While road movies aren't necessarily doomed from the outset at the Oscars — Little Miss Sunshine, Mad Max: Fury Road, and Bonnie and Clyde were all nominated for Best Picture, and Green Book of course won in 2018 — Zhao tends to be a subtler director than her cohorts in the genre. The film's emotion is largely not in its sparse dialogue, much of which seems organic and improvised, but in its palette of purple and blue skies, and the pale pink of the Badlands, captured by cinematographer Joshua James Richards' camera. Fern frequently wanders through this soothing landscape, wordless, while Ludovico Einaudi's delicate piano score plays. Nomadland is a deeply internal and even mournful film in this regard, and asks its viewers to pause and reflect, like the listeners of a eulogy. Were this a normal year, it could easily have been bulldozed in Academy voter's minds by flashier productions like West Side Story.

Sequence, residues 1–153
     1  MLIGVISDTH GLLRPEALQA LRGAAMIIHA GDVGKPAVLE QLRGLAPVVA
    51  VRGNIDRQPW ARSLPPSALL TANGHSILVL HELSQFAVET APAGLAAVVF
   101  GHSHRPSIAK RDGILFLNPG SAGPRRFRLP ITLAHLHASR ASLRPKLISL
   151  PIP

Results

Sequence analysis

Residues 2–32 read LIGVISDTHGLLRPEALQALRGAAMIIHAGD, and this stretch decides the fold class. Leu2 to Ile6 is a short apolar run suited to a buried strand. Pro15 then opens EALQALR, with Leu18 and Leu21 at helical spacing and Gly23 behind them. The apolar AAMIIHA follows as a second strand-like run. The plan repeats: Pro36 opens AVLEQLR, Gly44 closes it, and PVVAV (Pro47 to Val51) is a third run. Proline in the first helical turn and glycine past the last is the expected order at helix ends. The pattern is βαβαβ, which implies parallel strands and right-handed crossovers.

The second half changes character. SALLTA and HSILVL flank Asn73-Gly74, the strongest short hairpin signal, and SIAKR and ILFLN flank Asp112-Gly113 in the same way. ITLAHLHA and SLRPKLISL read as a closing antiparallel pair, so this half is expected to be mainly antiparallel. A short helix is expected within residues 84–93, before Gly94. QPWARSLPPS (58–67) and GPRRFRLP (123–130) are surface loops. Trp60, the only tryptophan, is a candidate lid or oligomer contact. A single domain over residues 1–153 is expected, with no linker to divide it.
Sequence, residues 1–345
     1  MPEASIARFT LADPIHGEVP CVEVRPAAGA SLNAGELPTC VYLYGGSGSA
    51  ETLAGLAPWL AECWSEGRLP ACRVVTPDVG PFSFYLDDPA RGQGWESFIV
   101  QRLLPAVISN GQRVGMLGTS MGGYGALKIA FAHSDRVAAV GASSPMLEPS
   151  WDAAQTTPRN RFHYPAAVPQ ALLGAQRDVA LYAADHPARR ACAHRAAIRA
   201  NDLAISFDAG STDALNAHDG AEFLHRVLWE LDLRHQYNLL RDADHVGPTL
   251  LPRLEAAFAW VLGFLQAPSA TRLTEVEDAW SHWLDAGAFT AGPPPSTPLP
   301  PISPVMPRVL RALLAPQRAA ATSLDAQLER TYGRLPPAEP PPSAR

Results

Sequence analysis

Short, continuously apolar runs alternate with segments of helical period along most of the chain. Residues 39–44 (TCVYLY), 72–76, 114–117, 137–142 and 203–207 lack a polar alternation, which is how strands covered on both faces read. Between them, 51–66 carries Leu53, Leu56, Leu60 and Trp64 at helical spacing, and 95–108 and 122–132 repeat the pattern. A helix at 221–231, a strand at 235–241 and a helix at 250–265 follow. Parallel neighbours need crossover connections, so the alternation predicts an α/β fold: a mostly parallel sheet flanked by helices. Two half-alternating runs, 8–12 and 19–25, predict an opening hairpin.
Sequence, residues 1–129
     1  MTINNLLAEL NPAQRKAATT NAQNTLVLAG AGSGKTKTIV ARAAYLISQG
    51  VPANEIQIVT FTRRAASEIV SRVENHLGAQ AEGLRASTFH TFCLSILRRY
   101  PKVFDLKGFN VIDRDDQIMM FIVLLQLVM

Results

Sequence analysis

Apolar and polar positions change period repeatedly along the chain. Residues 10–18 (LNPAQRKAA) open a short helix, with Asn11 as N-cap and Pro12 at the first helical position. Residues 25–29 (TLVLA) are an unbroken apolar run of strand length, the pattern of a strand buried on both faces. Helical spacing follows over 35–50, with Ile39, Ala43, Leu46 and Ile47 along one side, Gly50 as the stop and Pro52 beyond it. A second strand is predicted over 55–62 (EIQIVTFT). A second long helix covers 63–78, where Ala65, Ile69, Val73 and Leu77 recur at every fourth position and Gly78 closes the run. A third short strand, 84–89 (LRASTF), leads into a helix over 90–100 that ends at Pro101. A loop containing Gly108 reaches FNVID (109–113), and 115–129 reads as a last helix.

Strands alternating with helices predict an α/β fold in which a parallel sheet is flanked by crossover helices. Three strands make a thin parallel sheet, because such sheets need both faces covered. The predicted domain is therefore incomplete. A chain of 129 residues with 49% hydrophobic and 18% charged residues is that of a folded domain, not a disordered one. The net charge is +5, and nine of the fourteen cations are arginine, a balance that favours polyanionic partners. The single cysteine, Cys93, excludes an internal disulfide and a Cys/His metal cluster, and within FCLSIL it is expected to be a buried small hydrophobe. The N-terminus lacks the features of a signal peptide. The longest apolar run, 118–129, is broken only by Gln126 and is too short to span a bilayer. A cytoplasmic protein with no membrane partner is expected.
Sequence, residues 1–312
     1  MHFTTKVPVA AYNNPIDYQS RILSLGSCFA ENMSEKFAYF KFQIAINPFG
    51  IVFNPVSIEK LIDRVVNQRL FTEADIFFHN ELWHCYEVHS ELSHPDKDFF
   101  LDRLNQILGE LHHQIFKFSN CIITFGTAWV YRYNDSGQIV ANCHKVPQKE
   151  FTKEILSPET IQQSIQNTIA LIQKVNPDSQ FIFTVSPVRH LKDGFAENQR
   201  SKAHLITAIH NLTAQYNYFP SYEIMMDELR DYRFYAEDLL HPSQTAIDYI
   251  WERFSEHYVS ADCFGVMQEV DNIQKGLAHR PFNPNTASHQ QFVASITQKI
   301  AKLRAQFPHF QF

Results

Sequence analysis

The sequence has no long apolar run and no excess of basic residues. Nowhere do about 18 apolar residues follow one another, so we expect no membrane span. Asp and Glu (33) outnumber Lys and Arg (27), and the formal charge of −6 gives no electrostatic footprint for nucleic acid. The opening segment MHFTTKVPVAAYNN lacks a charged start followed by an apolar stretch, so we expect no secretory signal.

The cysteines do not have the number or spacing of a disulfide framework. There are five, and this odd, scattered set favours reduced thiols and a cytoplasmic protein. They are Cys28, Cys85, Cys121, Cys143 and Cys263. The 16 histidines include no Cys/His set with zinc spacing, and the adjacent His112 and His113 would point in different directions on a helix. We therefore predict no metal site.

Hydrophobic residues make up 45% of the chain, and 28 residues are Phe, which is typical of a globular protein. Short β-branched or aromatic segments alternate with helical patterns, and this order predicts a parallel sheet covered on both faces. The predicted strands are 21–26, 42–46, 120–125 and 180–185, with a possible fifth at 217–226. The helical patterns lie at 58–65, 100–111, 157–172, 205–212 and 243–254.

Nomadland also only has one major star, which is unusual for a Best Picture winner, albeit a moving performance by McDormand, which could justifiably earn her a third Best Actress statuette. While David Strathairn, who plays Fern's friend Dave, might be another recognizable face in the film, the rest of the cast are mainly nonprofessional actors, a rarity (although certainly not unheard of) for Oscar Best Picture winners. Typically, if an Oscar movie is going to tell a real, or realish, story, you still end up with a full cast of professional actors, as with Argo and Spotlight, not with the inspirations for those characters playing themselves. Though the choice to have the fictional Fern interact with real people and their real traumas and struggles is a thorny, and perhaps not always defensible one, it also gives the film the heft of being about "the true America" and the tapestry of people trying to survive within it. (Bruder, in her book, remarks on the overwhelming whiteness of the van-dwelling community, concluding that "living in a vehicle seems like an especially dangerous gambit for anyone who might be a victim of racial profiling.")